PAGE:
4. van der Wal AC, Becker AE, van der Loos CM, Das PK (1994). "Site of intimal rupture or erosion of thrombosed coronary atherosclerotic plaques is characterized by an inflammatory process irrespective of the dominant plaque morphology". Circulation. 89 (1): 36–44. PMID 8281670. Unknown parameter |month= ignored (help)
  5. Shah PK, Falk E, Badimon JJ; et al. (1995). "Human monocyte-derived macrophages induce collagen breakdown in fibrous caps of atherosclerotic plaques. Potential role of matrix-degrading metalloproteinases and implications for plaque rupture". Circulation. 92 (6): 1565–9. PMID 7664441. Unknown parameter |month= ignored (help)
  6. Moreno PR, Purushothaman KR, Fuster V; et al. (2004). "Plaque neovascularization is increased in ruptured atherosclerotic lesions of human aorta: implications for plaque vulnerability". Circulation. 110 (14): 2032–8. doi:10.1161/01.CIR.0000143233.87854.23. PMID 15451780. Unknown parameter |month= ignored (help)
  7. Hung J, Lam JY, Lacoste L, Letchacovski G (1995). "Cigarette smoking acutely increases platelet thrombus formation in patients with coronary artery disease taking aspirin". Circulation. 92 (9): 2432–6. PMID 7586342. Unknown parameter |month= ignored (help)
  8. 8.0 8.1 8.2 Thompson SG, Kienast J, Pyke SD, Haverkate F, van de Loo JC (1995). "Hemostatic factors and the risk of myocardial infarction or sudden death in patients with angina pectoris. European Concerted Action on Thrombosis and Disabilities Angina Pectoris Study Group". N. Engl. J. Med. 332 (10): 635–41. PMID 7845427. Unknown parameter |month= ignored (help)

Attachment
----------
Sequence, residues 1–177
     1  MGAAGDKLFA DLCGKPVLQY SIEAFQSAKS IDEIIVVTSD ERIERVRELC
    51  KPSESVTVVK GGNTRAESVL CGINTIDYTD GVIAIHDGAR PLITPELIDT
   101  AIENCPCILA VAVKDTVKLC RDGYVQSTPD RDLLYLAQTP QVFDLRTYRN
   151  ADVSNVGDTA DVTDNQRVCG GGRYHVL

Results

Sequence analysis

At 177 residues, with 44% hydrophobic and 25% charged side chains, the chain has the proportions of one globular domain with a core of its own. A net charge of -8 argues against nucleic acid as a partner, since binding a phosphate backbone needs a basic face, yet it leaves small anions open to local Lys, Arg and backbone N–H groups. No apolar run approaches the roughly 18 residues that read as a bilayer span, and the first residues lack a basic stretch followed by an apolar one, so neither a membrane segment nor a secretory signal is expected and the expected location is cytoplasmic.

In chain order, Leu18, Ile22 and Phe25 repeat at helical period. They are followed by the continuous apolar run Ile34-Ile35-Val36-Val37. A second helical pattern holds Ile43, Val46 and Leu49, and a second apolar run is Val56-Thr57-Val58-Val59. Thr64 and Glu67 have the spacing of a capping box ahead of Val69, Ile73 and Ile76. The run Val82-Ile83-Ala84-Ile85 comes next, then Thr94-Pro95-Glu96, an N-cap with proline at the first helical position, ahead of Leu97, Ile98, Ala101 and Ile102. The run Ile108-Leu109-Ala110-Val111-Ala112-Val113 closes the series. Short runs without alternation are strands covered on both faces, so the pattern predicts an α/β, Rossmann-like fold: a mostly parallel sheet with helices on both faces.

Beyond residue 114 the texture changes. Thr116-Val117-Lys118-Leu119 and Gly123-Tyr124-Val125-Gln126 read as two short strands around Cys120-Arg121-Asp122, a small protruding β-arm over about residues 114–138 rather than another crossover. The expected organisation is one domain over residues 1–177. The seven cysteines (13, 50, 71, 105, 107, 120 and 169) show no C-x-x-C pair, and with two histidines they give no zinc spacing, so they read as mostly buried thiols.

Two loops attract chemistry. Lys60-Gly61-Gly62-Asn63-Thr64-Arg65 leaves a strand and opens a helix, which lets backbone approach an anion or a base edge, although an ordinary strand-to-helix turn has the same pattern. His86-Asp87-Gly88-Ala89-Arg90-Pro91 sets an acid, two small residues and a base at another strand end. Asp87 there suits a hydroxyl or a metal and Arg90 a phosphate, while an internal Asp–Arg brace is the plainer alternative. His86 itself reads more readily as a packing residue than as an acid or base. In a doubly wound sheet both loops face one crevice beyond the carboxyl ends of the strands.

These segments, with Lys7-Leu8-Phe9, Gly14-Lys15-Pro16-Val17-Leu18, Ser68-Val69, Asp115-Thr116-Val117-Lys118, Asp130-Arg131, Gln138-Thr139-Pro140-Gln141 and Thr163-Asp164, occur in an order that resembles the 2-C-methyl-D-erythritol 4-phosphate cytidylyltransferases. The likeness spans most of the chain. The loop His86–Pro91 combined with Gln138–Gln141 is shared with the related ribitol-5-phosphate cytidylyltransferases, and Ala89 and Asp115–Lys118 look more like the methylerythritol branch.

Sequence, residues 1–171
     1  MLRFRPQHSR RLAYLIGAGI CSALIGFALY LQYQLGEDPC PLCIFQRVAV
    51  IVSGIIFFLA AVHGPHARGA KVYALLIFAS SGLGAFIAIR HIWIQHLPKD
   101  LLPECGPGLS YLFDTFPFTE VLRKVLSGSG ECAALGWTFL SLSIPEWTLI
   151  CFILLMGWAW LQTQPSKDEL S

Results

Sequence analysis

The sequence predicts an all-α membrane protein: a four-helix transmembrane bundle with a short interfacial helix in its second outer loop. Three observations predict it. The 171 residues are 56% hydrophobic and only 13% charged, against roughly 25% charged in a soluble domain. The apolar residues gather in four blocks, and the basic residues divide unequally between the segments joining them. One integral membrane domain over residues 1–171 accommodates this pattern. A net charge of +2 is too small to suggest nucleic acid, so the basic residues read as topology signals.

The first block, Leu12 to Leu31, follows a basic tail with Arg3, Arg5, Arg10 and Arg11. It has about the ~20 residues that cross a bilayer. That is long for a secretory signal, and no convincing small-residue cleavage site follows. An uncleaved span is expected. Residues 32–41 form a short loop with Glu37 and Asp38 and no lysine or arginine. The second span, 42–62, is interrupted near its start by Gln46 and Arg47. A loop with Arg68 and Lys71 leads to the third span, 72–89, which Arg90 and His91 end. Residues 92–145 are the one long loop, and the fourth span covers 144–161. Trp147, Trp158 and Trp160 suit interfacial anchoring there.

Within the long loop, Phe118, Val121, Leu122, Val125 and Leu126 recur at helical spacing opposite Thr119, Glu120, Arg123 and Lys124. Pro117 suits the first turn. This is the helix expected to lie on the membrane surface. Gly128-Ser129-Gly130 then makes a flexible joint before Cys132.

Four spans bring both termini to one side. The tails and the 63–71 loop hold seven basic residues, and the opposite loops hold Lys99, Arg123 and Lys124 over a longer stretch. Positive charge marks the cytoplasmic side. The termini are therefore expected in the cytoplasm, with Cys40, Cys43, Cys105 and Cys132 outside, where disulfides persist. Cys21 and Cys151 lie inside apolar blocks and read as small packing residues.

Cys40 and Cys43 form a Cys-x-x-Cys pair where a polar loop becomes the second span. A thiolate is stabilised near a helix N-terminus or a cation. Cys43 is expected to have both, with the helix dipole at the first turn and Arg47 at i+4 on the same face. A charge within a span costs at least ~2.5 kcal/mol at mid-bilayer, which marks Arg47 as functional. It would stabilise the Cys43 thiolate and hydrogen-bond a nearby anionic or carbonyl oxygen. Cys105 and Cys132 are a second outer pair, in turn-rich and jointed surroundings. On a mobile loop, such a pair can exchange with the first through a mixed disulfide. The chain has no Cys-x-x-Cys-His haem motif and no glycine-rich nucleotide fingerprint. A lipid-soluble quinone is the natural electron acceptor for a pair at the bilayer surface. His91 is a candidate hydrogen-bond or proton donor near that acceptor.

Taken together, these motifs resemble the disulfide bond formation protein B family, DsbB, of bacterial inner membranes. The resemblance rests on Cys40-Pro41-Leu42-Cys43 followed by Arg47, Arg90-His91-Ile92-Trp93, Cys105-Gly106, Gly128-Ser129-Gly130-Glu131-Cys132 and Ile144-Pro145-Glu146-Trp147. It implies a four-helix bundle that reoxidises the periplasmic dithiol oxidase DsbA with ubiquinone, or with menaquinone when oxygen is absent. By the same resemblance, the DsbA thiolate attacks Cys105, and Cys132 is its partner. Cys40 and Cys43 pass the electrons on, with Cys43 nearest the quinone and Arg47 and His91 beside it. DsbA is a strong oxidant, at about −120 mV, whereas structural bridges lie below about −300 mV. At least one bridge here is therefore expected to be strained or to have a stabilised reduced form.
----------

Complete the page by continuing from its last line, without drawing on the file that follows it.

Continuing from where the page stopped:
9. Vaarala O, Mänttäri M, Manninen V; et al. (1995). "Anti-cardiolipin antibodies and risk of myocardial infarction in a prospective cohort of middle-aged men". Circulation. 91 (1): 23–7. PMID 7805207. Unknown parameter |month= ignored (help)
  10. Ridker PM, Hennekens CH, Cerskus A, Stampfer MJ (1994). "Plasma concentration of cross-linked fibrin degradation product (D-dimer) and the risk of future myocardial infarction among apparently healthy men". Circulation. 90 (5): 2236–40. PMID 7955179. Unknown parameter |month= ignored (help)
  11. Weiss EJ, Bray PF, Tayback M; et al. (1996). "A polymorphism of a platelet glycoprotein receptor as an inherited risk factor for coronary thrombosis". N. Engl. J. Med. 334 (17): 1090–4. PMID 8598867. Unknown parameter |month= ignored (help)
  12. Blumgart HL, Schlesinge MJ, Davis D: Studies on the relation of the clinical manifestations of angina pectoris, coronary thrombosis, and myocardial infarction to the pathologic findings, with particular reference to the significance of collateral circulation. Amer Heart J 19: 1, 1940
  13. Blumgart HL, Zoll PM, Freedberg AS, Gilligan DR: The experimental production of intercoronary arterial anastomoses and their functional significance. Circulation 1: 10, 1950 PMID 15401193
  14. Blumgart HL, Zoll PM, Kurland CS: Discussion of direct relief of coronary occlusion. Arch Intern Med (Chicago) 104: 862, 1959 PMID 13801751
  15. Blumgart HL, Zoll PM. Pathologic physiology of angina pectoris and acute myocardial infarction. Circulation. 1960 Aug;22:301-7. PMID 13801752
  16. Blumgart HL, Zoll PM, Clinical Pathologic Correlations in Coronary Artery Disease, Circulation, Volume XLVII, No 6, June 1973, 1139-43 PMID 4575525
  17. Robbins Pathologic Basis of Disease, Kumar V, 7th ed
  18. Krijnen PA, Nijmeijer R, Meijer CJ, Visser CA, Hack CE, Niessen HW. (2002). "Apoptosis in myocardial ischaemia and infarction". J Clin Pathol. 55 (11): 801–11. PMID 12401816.

Additional Resources